l is a cartridge |00, the details of which are best shown in Fig. 10. The cartridge |60 includes a cartridge case |0| having a primer |02 in the end. thereof, the cartridge case and primer being of any standard construction well known in the art. Inserted into the open end of the cartridge case |0| is a projectile |03 which includes a stud |04 and a piston means |05 thereon. The stud |04 is preferably formed of a relatively hard metal, such as steel. and is formed with a tapered outer end |06, on the sides of which longitudinal flutes shown in Figs. 1 and 3, which includes a stud 66 which is slidably mounted in an opening 61 formed in the second Wall 26 of the breechblock member and having an inner end 68 projecting into the central chamber 22 into the line of the head member 30, the stud having a head member 68 thereon adapted to engage an angled top surface 10 formed on the plate member 58. The stud 66 is normally urged toward locking position by a compression spring 12, one end of which engages the head member 69 and the other end .of which engages a bracket element 13 rigidly xed to the handle frame member |9 as by screws 14, the compression spring 12 being centered by the outer end 15 of the stud 66 and by a boss 16 formed on the bracket element 13.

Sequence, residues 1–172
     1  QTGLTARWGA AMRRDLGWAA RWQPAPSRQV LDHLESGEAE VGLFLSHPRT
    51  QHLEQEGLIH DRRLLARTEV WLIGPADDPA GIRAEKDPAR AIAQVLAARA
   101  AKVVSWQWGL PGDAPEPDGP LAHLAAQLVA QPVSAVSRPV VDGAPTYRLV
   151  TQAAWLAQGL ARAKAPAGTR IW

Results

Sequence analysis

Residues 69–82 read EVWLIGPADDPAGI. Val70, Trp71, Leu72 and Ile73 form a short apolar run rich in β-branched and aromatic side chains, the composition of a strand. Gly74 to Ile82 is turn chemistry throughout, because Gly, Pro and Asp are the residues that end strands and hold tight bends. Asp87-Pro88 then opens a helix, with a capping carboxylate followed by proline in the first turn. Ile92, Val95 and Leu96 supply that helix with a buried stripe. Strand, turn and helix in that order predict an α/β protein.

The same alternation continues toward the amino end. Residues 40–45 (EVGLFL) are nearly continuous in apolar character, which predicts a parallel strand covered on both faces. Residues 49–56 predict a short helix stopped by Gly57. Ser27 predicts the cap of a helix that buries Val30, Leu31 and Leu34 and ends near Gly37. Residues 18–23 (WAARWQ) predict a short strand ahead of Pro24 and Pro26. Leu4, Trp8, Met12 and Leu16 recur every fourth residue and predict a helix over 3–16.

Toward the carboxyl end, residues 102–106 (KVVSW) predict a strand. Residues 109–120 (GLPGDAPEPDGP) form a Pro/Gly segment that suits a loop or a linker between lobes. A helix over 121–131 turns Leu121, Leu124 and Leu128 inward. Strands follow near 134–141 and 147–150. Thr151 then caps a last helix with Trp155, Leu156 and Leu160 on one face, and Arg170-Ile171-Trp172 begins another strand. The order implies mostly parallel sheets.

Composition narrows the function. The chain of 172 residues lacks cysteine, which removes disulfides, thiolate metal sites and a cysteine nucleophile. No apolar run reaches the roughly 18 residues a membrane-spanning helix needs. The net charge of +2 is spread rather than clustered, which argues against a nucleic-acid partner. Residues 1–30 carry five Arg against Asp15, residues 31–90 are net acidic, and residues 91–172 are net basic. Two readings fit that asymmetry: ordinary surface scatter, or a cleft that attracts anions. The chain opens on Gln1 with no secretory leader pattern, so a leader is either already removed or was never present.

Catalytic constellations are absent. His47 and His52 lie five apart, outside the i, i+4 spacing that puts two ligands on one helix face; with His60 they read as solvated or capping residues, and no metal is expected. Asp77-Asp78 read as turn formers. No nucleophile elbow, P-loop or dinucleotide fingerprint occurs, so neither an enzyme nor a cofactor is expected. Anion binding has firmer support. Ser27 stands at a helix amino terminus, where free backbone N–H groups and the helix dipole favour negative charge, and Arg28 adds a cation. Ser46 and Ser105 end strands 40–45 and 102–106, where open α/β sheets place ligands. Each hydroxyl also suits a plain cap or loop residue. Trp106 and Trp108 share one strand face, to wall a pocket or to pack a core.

As best shown in Fig. 5, a rectangular opening 11 is provided in the vertical Wall 4| and acts as a guide for a trigger bar 18 passing therethrough, to the outer end of which is xed a trigger handle 19, the trigger bar 18 also being guided by passing through a rectangular slot 80 formed in the bracket element 13, as best shown in Fig. 4, the rectangular slot 88 providing an engagement shoulder 8| at the top thereof for a purpose to be described hereinafter. The inner end of the trigger bar 18 is provided with a vertical slot 82 in which is disposed an L-shaped releasing dog 83 having an upper leg 84 and a lower leg 85 and being pivoted to the trigger bar by a suitable pivot pin 81 passing therethrough. Resiliently engaging the lower leg 85 of the releasing dog 83 is the |01 are preferably formed, the lower end terminating in a sharp point |08 which is preferably treated so as to render it extremely hard. Of course, if desired, the entire stud |04 may be hardened, in which case the point |08 does not `need to be separately hardened. The inner porinvention. It is important, however, to provide.